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Tips for Organized Coding

  1. Naming directories

mkdir pfb2019_SEW

  • Keep directory names informative.
  • No spaces or special characters.
  • No extensions (e.g., .txt, .fasta)
  1. Naming files

vi rawSeqData.fasta

•Keep file names informative. •No spaces or special characters. •Use appropriate extensions.

  1. Naming scripts


•Keep file names informative. •No spaces or special characters. •Use appropriate extensions.

###Examples for PFB 2019

sew$ mkdir ProblemSet1 sew$ vi sew$ vi

  1. Creating daily "readMe" files

mkdir dailyReadMe

•Take notes daily for ongoing projects for yourself to keep track. •One way to do this is keep a daily journal of your progress. Use it for successes, failures, random notes, specific end points.

vi vi

  1. Comment your code.

Sharing code is becoming more common and sometimes expected by journals. In order to maximize reproducibility, code that is shared publicly should be commented and accessible.

#!/usr/bin/env python3
import sys

myString = 'sapiens, erectus, neanderthalensis'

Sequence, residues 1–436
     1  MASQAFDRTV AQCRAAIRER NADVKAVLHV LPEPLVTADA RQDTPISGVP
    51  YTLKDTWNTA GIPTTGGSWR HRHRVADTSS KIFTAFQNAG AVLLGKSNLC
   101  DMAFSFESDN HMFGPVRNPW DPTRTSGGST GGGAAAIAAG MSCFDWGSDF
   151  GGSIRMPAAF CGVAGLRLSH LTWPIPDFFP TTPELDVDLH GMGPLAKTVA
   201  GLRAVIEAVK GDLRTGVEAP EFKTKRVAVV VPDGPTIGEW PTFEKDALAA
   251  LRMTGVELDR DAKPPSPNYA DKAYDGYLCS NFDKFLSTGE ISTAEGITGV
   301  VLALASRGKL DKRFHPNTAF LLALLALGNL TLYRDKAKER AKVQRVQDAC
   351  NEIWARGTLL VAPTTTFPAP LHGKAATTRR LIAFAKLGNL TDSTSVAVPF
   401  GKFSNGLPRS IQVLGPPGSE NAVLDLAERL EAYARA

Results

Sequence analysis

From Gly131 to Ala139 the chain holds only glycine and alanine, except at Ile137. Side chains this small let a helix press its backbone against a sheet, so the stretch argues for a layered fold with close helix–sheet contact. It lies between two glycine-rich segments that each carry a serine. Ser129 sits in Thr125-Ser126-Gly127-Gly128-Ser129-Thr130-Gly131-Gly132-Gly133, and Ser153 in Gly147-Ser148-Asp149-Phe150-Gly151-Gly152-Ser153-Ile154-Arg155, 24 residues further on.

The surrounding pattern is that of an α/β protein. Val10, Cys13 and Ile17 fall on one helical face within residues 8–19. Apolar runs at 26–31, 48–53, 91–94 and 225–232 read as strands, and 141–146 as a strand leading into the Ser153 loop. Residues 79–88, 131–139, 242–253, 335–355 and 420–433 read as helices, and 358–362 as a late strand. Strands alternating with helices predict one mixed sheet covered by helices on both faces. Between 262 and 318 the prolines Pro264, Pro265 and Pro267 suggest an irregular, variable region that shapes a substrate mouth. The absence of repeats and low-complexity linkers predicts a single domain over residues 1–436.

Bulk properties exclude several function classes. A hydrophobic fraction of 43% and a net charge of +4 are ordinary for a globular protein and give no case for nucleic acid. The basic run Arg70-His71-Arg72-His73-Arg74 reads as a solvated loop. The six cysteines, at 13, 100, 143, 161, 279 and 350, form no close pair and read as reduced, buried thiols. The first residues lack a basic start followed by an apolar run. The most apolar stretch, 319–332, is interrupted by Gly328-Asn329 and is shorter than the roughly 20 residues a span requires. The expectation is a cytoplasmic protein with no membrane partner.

myList = myString.split(', ') #splitting string on the comma and the space
print(sorted(myList)) #sorting my list; default is alphabetical
print(sorted(myList, key = len)) #sorting my list by length; must tell sorted to use length

##Changing your bash prompt

Create a beautiful prompt.

  1. Go to and create a beautiful prompt.
  2. Type: cd ~
  3. Type: vi .bash_profile
  4. Paste code from into your .bash_profile at the bottom.
  5. Type: source .bash_profile

Create a beautiful VI experience.

  1. Type vi .vimrc
  2. Into your .vimrc file, type:
syntax enable #enables programming syntax and color change
set tabstop=2 #makes your tabs the size of 2 spaces
set number #adds numbers on the left side of your vi window
  1. Save the file by typing :wq.
  2. At the command line, type source .vimrc
  3. Open vi again and the changes should be saved.